Driving from Hamhung to Pujon County, North Korea – Part A
The main activity for our second day in the Hamhung area was a trip to an amazing stone river at Mount Okryon in Pujon County together with a look at some very special trees which played an important part in the fight to end Japanese colonial rule in Korea. In this review (in two parts) I will cover our bus trip from Hamhung to Pujon County, three hours each way, through some of the most scenic parts of North Korea, affording us glimpses of this scenery and views of everyday life in this rarely visited part of the North Korea.
After about twenty minutes we had passed through Hamhung city and on crossing the railway line which also linked Hamhung to Pujon (the main town that we would pass through) we started our journey north, through a gorgeous valley and along the Songch’on River before climbing up into the mountains. This part of a two part pictorial review of the trip will take us to the highest point of our drive, a lookout point about fifteen kilometres to the south of Pujon town. In Part B I will continue our journey to the entrance area for the stone river.
I want to point out that I have included a number of photographs in this review which possibly do not meet the guidelines for photography in North Korea – in particular the prohibition on taking photographs of anything which might portray the country in a bad light. The reason for this prohibition is not because North Korea does not admit there is poverty within the country or that life is hard for its citizens – it readily admits both – but it is because it feels that people (not necessarily those who take the photographs) misuse photographs, as propaganda material, to make things seem worse than they are. Also, North Koreans are a very proud people and only want to visitor to see and experience the best they have to offer.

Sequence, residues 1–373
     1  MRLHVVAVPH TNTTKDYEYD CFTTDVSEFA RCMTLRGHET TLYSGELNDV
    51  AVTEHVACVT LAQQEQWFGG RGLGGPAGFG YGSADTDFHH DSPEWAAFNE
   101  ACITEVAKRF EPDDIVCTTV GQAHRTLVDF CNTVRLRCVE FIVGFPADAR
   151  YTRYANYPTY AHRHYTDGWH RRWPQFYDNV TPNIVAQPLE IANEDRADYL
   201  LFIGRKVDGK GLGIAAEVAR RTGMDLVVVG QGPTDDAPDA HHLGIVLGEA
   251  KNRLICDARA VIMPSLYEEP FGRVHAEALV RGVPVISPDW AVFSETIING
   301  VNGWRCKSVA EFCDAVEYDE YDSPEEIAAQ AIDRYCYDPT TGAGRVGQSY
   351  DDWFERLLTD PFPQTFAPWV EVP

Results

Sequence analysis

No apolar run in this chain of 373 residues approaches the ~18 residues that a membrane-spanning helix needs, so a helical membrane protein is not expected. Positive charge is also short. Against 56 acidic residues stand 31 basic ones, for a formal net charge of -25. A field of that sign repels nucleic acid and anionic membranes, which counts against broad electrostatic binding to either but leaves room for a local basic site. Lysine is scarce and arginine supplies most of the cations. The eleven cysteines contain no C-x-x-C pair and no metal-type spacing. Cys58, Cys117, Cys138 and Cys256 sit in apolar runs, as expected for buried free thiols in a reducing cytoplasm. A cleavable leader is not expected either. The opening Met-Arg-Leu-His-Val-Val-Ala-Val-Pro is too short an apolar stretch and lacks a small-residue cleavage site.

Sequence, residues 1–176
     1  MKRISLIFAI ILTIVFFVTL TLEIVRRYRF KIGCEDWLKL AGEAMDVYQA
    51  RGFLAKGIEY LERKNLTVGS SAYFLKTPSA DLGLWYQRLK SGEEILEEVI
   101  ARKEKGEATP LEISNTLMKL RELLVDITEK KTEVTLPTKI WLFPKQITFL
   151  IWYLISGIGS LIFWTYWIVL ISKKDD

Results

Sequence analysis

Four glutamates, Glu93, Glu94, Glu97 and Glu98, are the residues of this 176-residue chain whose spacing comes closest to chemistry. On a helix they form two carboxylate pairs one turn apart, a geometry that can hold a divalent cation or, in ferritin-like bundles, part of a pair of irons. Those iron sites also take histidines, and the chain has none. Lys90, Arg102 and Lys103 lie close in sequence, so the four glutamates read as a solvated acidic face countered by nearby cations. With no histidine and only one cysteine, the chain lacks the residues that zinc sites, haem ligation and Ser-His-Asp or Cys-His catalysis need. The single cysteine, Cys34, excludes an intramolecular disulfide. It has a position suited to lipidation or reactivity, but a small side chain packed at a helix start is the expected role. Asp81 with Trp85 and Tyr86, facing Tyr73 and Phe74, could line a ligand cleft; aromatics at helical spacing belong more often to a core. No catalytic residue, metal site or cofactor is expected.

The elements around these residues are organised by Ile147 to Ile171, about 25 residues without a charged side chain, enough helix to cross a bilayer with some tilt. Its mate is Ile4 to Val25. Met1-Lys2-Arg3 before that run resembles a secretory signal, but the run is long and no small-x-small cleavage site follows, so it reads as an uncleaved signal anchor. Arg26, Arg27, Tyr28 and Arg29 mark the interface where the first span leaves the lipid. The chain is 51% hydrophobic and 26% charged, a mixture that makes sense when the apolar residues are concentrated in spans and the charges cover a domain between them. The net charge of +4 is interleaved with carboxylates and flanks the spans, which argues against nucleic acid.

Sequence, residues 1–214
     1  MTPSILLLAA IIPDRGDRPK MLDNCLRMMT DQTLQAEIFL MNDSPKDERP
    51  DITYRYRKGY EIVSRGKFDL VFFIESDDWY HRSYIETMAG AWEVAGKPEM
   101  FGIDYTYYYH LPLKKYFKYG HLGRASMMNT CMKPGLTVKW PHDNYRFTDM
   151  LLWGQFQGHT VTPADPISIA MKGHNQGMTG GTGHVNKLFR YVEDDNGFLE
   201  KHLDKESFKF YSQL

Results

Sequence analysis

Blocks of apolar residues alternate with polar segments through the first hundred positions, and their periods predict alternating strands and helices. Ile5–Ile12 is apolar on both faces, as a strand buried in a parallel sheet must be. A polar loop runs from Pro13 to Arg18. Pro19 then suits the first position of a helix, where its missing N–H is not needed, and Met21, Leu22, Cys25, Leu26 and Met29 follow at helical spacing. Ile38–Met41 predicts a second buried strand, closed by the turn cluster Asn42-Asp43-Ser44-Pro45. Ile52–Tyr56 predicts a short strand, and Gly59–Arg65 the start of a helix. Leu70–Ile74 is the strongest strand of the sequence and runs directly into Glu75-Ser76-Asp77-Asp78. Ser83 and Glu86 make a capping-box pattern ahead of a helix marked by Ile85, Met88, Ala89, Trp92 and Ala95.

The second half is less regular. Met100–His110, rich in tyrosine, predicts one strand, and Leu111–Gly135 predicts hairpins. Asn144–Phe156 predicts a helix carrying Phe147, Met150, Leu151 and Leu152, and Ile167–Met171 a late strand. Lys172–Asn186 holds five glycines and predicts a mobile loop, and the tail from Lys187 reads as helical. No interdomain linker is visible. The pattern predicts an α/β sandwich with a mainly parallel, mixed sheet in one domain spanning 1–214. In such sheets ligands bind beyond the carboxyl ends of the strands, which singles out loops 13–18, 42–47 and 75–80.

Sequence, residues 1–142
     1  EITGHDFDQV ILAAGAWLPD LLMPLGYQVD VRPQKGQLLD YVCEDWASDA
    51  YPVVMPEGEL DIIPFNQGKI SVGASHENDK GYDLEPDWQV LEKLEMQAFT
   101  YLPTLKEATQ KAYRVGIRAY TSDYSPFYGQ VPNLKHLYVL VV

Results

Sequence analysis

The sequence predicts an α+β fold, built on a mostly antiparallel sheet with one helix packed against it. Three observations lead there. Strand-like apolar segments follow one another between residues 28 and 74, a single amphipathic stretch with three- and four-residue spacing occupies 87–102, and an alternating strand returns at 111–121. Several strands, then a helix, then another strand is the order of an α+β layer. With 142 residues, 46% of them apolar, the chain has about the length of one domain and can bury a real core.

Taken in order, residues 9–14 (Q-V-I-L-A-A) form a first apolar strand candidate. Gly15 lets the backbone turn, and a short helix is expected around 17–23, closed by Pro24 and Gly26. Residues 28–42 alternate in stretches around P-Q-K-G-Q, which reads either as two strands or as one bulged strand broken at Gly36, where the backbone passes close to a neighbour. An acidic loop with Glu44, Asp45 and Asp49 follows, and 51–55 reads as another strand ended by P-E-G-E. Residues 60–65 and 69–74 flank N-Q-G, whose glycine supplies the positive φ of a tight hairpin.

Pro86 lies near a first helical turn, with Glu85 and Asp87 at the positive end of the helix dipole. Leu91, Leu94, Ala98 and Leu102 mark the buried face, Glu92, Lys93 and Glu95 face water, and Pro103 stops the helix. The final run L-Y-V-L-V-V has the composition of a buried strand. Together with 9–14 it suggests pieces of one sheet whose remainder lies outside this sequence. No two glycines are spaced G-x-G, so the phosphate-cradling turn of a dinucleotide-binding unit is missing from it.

I have thought long and hard about whether to include certain photographs here but have proceeded to include some of those I have included below, not to portray the country in a bad light but rather, by illustrating openly admitted shortcomings, to portray the resilience and dogged determination of a downtrodden people to overcome everything that much of the outside world and ‘the country’s internal situation’ can throw at it. Also, in reality, the photos I have included portray conditions or ways of life that are no worse than in numerous other developing countries and, ‘Yes’, I was not let see conditions which, in all likelihood, are much worse than anything I have included here.
I will leave my reader to draw their own conclusion as to whether ‘the country’s internal situation’ means (a) a despotic Leadership which does not care about its own people, or (b) a Leadership which is forced to divert scare funds to military expenditure (including building a nuclear arsenal) to protect itself and its citizens and a Leadership which is unable to develop the country (and cope with otherwise manageable natural disasters such as floods and droughts) due to this diversion of funds and strangling US led sanctions which have been in force, at one level or another, for decades, or (c) something in between these two extremes.
In Part B of this review I will share with you the views from the lookout and move on to the Stone River via Pujon township.